Nancy Solomon: Yes. This is not the way that most journalists talk about their stories. It's a very weird thing to feel like you want the element of suspense and surprise for listeners to stick through to the very end. At the same time, I'm doing interviews and being asked about it, and it's weird for me to hold back information. I'm used to just laying out like, "Here's the story." Even doing it in what us reporters call an inverted pyramid, giving people the most important stuff first.
Brooke Gladstone: You noted in one episode of Dead End that you've covered a lot of bad guys in your career, but you never tried to actually solve a murder. You said that "The story is like a Russian Doll, every question I ask leads to another," but you actually did think you could crack this one, right?
Nancy Solomon: Yes. I guess. I do maybe watch a little too much TV, but I just thought if somebody really spent the time to look at everything and dig into it, maybe I would be able to crack it open.
Brooke Gladstone: Yet another amateur sleuth, so to speak?
Nancy Solomon: Yes, exactly. When you read those amateur sleuth stories or watch the series, you never see the brick walls that they come up against. The fact that they don't have subpoena power, that they can't get the investigative files from the detectives. These are things that don't come up when you're watching those shows, but I certainly came up against them and at a certain point realized that there was only so much I could do.
What ultimately happened was that I became increasingly frustrated with the fact that the Attorney General's office, which does have subpoena power, wasn't doing these things. I started to realize like, "Wait a minute, why am I trying to solve this murder? They should be trying to solve this murder."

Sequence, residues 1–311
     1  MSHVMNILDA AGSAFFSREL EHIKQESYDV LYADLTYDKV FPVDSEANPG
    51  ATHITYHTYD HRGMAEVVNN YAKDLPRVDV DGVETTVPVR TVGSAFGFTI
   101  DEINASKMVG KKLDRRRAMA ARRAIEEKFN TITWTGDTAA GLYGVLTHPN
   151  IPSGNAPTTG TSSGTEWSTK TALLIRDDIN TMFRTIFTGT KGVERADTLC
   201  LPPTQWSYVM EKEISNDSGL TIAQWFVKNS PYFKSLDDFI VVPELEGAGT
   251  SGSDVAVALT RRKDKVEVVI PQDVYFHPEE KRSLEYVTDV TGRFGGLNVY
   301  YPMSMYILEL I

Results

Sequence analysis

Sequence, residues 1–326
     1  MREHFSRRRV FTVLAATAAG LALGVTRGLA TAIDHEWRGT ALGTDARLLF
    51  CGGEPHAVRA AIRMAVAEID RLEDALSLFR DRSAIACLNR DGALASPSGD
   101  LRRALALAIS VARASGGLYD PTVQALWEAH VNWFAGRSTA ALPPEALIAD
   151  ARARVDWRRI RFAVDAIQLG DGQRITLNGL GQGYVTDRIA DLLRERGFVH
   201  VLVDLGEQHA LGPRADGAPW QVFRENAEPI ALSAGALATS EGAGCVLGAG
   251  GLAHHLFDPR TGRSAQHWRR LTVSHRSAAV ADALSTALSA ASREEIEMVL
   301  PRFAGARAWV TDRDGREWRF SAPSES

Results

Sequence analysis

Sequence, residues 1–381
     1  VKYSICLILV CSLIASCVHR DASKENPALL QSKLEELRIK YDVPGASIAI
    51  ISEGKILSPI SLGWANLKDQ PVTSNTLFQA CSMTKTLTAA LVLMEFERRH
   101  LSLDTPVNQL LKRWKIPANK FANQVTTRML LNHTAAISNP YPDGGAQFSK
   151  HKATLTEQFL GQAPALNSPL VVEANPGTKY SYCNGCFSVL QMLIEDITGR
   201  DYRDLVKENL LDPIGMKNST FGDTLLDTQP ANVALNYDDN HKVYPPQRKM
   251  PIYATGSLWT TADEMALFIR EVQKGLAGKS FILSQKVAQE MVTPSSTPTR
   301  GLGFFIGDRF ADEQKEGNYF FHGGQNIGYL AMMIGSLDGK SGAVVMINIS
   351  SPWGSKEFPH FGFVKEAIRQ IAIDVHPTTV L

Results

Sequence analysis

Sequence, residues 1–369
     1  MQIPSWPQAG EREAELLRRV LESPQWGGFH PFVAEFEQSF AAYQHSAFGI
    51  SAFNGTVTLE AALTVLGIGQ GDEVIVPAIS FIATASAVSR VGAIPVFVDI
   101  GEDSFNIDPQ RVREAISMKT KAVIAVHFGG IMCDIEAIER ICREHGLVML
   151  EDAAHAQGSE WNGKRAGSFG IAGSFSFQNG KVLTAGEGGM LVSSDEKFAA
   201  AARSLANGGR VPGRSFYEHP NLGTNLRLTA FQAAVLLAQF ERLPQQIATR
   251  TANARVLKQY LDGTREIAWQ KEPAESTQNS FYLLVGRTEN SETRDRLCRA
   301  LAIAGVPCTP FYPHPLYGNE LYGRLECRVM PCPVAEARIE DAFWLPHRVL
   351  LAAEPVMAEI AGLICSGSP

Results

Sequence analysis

Brooke Gladstone: You did uncover a web of corruption connected to the killings. You say, "My north star is not just about individuals, the good ones or the bad ones. It's the systems and the laws that got us here that we pay attention to." What did the Sheridans' deaths signify for you?
Nancy Solomon: A real collapse in the function of the state that is so critical which is to investigate and get to the bottom of suspicious behavior and activity that it appears to be riddled with, at the very least, conflicts of interest, if not fraud and extortion. I love being a reporter in New Jersey because it is so crazy and wild, and there is so much corruption, but you got to wonder at a certain point, like why? Why does New Jersey have more problems than other places?
To me, this was a big answer to that question, that we, the state of New Jersey, had a Division of Criminal Justice at the Attorney General's office, which had been set up to take on the biggest and most important cases, whether that was a murder of a prominent citizen that was quite suspicious, or whether that's a fraud case, or whether that's mob activity or extortion, whatever it is, the big, big problems in the state are supposed to be taken on by the Division of Criminal Justice, and it isn't doing that job.
That a prominent politically connected family in New Jersey couldn't get the Attorney General's office to intervene and investigate a case that was clearly mishandled by the local detectives. That was like a huge red flag, like, "What is going on here?" During the Republican administration of a governor, Chris Christie, a leading Republican is murdered and the Attorney General's office doesn't intervene. That to me is just a gaping hole and a big question that needed to be answered.